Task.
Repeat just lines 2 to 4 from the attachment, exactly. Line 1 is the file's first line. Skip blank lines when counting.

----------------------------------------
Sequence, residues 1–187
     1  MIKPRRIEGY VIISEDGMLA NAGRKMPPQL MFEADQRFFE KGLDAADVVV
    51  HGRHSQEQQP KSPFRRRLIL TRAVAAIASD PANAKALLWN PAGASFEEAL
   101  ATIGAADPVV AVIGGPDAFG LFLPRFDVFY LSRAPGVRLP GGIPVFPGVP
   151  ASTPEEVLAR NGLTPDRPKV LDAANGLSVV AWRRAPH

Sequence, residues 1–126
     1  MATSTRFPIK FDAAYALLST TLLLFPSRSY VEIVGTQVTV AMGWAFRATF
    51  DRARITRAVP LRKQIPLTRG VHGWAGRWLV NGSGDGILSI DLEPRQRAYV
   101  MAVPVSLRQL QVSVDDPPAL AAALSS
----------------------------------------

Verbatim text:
     1  MIKPRRIEGY VIISEDGMLA NAGRKMPPQL MFEADQRFFE KGLDAADVVV
    51  HGRHSQEQQP KSPFRRRLIL TRAVAAIASD PANAKALLWN PAGASFEEAL
   101  ATIGAADPVV AVIGGPDAFG LFLPRFDVFY LSRAPGVRLP GGIPVFPGVP